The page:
Cylinder bodies are pressure containing vessels. Cylinder cracking is a safety concern from a gas containment issue, as well as a catastrophic failure of the cylinder body.

You may suspect a cylinder leakage by the presence of a gas smell near the unit. Another possibility is that the cylinder is underperforming compared to historical data for that unit. (This may also be caused by other issues, most notably valve problems).

The next step is to verify that your cylinder is the problem. This requires taking that unit down, and performing a visual inspection of the cylinder and it’s associated parts. It is important to note that not all cracks in cylinders can be seen with a visual inspection. You may need to perform non-destructive tests (for example, magnetic particle test) to confirm the presence of cracks.

In the event that you discover cracks in your cylinder walls, water jackets, etc., they may be able to be repaired, if minor. In most cases, however, the cylinder will likely need to come out of service.

ACI Expert Advice

  • ACI can perform testing on the cylinder to determine the presence of cracks.
  • ACI Services does not suggest returning a cylinder body with cracking back into service. The risks of doing so are significant.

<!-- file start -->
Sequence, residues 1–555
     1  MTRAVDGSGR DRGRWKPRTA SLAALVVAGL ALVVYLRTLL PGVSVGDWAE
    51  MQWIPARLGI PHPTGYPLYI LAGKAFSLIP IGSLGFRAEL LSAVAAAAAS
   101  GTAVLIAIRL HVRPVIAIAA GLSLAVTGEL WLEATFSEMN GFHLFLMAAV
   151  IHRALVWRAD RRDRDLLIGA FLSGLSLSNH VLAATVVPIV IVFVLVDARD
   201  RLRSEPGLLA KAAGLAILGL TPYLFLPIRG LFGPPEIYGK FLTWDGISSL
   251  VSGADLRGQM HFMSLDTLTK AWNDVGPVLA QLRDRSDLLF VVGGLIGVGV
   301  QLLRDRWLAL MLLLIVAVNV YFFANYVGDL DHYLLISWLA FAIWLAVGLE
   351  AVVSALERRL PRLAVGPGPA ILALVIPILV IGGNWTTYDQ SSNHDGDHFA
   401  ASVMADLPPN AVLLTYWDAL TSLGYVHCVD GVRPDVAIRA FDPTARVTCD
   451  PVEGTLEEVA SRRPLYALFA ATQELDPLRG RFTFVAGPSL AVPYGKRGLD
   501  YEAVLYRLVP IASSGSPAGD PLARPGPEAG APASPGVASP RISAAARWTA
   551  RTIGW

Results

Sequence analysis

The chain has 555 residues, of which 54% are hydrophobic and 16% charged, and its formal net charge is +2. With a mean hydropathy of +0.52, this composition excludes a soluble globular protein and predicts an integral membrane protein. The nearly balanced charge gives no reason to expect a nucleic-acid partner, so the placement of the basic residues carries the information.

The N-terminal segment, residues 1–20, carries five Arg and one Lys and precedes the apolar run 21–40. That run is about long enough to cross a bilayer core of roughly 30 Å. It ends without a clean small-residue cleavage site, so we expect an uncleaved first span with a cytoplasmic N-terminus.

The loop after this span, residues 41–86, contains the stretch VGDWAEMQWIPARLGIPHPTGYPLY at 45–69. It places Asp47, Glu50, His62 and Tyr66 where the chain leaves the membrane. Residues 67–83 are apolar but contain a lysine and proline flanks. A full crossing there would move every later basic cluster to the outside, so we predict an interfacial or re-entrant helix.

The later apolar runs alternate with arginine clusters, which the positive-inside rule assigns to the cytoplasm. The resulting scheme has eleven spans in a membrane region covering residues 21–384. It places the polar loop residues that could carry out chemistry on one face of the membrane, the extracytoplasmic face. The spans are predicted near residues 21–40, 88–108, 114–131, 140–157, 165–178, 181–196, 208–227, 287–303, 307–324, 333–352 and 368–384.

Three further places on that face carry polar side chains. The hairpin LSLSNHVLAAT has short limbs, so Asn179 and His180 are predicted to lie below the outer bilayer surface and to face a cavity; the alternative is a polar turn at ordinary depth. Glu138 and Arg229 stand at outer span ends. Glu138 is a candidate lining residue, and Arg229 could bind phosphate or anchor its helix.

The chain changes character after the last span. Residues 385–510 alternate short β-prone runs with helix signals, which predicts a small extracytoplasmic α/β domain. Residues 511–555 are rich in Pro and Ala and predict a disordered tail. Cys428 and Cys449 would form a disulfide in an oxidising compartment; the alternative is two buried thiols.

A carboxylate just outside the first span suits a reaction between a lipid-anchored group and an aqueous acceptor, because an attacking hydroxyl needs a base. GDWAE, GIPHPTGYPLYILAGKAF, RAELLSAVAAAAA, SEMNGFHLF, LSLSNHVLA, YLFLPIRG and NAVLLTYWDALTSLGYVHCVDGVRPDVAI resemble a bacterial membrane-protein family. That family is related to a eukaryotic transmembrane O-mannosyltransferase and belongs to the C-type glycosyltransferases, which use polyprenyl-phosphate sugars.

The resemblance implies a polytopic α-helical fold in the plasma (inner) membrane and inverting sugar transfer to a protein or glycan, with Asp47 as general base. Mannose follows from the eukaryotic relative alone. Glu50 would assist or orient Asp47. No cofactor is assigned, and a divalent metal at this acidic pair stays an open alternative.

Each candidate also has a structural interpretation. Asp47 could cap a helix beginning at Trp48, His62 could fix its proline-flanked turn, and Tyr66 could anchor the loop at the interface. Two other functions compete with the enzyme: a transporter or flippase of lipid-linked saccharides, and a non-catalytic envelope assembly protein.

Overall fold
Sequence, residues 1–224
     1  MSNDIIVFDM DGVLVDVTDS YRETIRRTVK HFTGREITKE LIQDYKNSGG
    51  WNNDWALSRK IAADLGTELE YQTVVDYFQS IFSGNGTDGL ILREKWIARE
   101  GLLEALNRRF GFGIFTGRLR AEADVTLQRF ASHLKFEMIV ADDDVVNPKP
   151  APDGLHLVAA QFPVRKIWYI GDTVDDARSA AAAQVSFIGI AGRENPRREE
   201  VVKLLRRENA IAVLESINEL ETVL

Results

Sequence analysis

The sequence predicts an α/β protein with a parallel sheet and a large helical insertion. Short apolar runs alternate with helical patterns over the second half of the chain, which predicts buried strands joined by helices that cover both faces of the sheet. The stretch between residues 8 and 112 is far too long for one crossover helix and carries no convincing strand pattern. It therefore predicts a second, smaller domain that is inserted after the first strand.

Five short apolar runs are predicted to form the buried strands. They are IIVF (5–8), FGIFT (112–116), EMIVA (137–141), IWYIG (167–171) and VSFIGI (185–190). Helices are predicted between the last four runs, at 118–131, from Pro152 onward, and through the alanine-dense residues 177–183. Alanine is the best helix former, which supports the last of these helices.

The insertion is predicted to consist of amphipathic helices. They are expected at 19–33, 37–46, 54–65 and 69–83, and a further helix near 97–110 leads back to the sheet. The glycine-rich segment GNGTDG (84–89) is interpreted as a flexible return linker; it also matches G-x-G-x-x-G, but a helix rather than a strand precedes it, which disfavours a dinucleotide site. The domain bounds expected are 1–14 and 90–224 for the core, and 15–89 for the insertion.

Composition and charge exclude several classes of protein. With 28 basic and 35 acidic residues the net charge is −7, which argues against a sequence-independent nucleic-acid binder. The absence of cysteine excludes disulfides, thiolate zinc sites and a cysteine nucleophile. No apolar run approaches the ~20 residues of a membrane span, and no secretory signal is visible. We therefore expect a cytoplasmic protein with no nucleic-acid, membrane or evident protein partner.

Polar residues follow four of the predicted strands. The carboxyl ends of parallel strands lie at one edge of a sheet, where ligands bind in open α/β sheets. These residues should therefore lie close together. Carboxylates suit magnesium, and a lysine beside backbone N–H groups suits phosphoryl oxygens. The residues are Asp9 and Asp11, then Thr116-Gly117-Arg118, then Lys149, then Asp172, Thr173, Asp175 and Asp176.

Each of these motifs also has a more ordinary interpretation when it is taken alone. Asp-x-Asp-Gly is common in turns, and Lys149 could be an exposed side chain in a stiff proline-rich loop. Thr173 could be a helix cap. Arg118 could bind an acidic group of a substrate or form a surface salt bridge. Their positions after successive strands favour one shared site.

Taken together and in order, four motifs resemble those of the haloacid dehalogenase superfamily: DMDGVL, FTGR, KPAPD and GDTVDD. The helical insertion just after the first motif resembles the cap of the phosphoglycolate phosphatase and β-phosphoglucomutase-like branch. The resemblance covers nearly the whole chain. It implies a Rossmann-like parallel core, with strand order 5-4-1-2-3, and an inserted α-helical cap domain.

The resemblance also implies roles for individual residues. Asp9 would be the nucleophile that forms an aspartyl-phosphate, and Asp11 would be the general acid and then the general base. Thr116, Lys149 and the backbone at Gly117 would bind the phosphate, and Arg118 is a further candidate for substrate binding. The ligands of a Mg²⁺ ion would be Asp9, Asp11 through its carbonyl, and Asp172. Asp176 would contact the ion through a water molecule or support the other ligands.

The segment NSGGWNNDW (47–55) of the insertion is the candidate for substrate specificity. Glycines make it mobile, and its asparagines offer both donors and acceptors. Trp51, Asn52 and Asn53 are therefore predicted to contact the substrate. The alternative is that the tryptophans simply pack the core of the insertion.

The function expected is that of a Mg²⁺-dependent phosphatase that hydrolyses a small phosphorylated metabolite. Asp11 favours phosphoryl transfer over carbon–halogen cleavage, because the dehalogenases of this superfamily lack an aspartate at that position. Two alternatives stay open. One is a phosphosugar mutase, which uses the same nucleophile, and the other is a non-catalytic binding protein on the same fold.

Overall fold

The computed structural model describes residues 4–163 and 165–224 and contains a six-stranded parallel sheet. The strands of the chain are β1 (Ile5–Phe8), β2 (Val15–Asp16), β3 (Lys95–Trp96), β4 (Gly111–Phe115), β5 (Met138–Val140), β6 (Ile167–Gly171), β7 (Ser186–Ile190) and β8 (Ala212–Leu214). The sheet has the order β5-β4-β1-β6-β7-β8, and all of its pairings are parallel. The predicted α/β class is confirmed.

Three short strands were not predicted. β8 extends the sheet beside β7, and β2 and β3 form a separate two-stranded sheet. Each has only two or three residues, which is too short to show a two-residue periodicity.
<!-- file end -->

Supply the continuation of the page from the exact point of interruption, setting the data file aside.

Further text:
• ACI Services can manufacture new cylinder body or components from measurements taken for the existing equipment. ACI Services does not simply reverse engineer an existing design. ACI Services provides an engineered solution specific for the application. We often will suggest a Finite Element Analysis (FEA) be performed to determine if the original design has fundamental weaknesses, for example.  This strategy prevents repeating a bad design that could have led to the cracking in the first place.

Related Success Stories

  • Case #26

    Customer has been operating cast steel compressor cylinders in a high pressure application. Welded on water jackets consistently cracked and resisted all attempts at repair.

  • Case #15

    Customer experienced a crack in a cylinder in hydrogen service. Loss of the cylinder would curtail plants production of gasoline. OEM replacement cylinder delivery time was unacceptable.

  • Case #3

    OEM high stage cylinders failing on a consistent basis.

  • Case #2

    Existing OEM’s gas transmission service failed in service.